Stanley has let himself go; he is unkempt and slops around in his pyjamas even in the middle of the day – a wrecked unshaven cherub of a man. He has been living in Meg’s boarding house in Brighton for over a year. Meg says he was a brilliant pianist. His last concert was in… Read More The Birthday Party
‘A long day’s journey into night’ is a play about a quiet and sometimes not so quiet desperation, an agony of familiarity. It is a decline from what might have been into a kind of hopelessness. James Tyrone might have been the greatest Shakespearian actor of his generation, but, influenced by his impoverished Irish background,… Read More Adrift in the fog awaiting closure
Arthur and Edie have lived together for 40 years. They are devoted to each other. But they are getting older. Arthur has worked hard all his life to keep the farm going. He is very practical and a dab hand at repairing things. Edie was a bright, intelligent woman; vivacious and sparky only recently the… Read More Visitors
The execution of her cousin, Mary Stuart, Queen of Scotland, was the greatest drama of Elizabeth’s reign. Deeply unpopular in her own country for the murder of her husband, Henry Stuart, Lord Darnley and somewhat hasty marriage to her lover, James Hepburn, Earl of Bothwell, Mary was forced to abdicate by the Scottish nobility and… Read More Mary Stuart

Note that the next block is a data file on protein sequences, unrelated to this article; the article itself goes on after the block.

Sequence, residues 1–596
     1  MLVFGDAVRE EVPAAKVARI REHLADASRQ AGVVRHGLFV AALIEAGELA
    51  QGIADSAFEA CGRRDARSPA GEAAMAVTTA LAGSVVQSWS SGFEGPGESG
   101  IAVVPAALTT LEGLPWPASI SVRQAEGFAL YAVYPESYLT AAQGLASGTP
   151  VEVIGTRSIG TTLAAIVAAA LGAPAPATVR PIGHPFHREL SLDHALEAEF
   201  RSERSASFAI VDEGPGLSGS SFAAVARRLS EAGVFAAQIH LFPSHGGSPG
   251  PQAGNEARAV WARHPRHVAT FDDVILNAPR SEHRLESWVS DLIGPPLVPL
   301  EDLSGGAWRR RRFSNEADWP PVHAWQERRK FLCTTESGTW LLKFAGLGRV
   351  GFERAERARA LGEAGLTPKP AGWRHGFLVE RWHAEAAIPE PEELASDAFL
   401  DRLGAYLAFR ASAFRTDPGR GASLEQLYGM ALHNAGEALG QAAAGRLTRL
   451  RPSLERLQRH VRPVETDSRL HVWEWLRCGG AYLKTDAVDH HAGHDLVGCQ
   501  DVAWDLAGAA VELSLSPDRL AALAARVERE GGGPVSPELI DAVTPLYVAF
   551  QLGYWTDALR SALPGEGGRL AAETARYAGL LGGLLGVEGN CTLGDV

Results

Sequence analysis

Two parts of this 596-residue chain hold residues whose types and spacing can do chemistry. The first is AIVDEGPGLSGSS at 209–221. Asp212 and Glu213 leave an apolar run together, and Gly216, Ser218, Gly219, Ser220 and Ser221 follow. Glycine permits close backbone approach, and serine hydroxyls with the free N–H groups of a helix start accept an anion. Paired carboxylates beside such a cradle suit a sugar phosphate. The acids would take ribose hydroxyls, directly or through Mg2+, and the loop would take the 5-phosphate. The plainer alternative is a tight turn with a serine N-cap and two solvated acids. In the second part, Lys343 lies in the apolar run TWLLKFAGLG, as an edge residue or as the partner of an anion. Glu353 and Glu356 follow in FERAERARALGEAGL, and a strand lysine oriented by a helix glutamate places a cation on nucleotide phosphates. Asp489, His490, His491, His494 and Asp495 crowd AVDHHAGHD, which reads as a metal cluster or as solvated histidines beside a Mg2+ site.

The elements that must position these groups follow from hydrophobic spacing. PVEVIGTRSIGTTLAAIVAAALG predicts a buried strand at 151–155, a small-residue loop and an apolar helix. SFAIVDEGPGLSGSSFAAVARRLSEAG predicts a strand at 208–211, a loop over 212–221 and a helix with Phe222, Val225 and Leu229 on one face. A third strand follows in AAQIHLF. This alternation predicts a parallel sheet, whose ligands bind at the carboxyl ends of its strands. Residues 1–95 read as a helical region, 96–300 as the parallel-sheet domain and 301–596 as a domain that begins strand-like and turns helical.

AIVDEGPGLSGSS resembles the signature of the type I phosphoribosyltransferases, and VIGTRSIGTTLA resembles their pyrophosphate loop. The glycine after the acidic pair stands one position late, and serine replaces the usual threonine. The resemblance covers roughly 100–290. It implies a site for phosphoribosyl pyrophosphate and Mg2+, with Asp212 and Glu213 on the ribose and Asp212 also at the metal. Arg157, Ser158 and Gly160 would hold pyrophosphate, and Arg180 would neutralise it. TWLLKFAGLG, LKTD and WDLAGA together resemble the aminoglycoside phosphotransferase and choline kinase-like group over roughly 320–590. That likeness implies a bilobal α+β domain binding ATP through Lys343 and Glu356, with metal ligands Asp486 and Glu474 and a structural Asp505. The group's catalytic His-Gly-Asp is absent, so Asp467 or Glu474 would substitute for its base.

In film adaptation, the action takes place in the mountains in the middle of winter. Hugh Glass is a wild mountain man, who had lived with the Indians and fathered a half Indian son, to whom he was devoted. He was leading a band of American trappers when they were attacked by Indians and all… Read More The making of a legend.
It was New Year’s Eve and to celebrate, we watched all three episodes of ‘And then there was none’, a BBC production of what is probably Agatha Christie’s best murder mystery – reputedly her favourite work. Ten people, strangers to each other, are invited to an old house on an island off the Devon coast. … Read More Guilt at the end of another year.
‘Would you have been prepared to let Miss Shepherd live in your driveway?’ I asked Joan. ‘No way’, she replied. I would do the same, though I might have feelings of guilt about it. But what does it say about Alan Bennett? Is he just a very kind man? Or was he, as he wrote,… Read More Could you accommodate the lady or her van?
We never get to know Kurtz. As the steamboat clanks and chugs slowly up the leading line of river through ever encroaching rain forest, we build an impression of the man from the from his frustrated manager, eager to control his abundant supply of ivory, the assistant he dismissed but who still regards him as… Read More Into the heart of darkness
In Ann Bronte’s shocking novel, The Tenant of Wildfell Hall (1848), Helen’s husband, Lord Huntington, was a Byronic figure of great fascination but barely concealed moral failings. He had a dreadful reputation as a drunk, a gambler and a philanderer. Nevertheless, Helen falls in love and marries him, thinking she could reform him. Within a… Read More The Tenants of Blossom Hill Cottage
It was lunch time on Saturday and I left Lisa Ferentz’s inspiring conference on Post Traumatic Growth in Pimlico and strolled in the autumn sunshine down to Tate Britain, where the exhibition by Frank Auerbach had just opened. Born in 1931 to Jewish parents living in Berlin, seven year old Frank was sent away on the… Read More Frank Auerbach: A Projection in Paint.